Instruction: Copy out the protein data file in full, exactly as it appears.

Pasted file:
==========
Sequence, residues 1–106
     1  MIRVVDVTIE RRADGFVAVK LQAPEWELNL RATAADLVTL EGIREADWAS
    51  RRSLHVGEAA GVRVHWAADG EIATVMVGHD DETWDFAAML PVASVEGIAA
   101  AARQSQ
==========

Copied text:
Sequence, residues 1–106
     1  MIRVVDVTIE RRADGFVAVK LQAPEWELNL RATAADLVTL EGIREADWAS
    51  RRSLHVGEAA GVRVHWAADG EIATVMVGHD DETWDFAAML PVASVEGIAA
   101  AARQSQ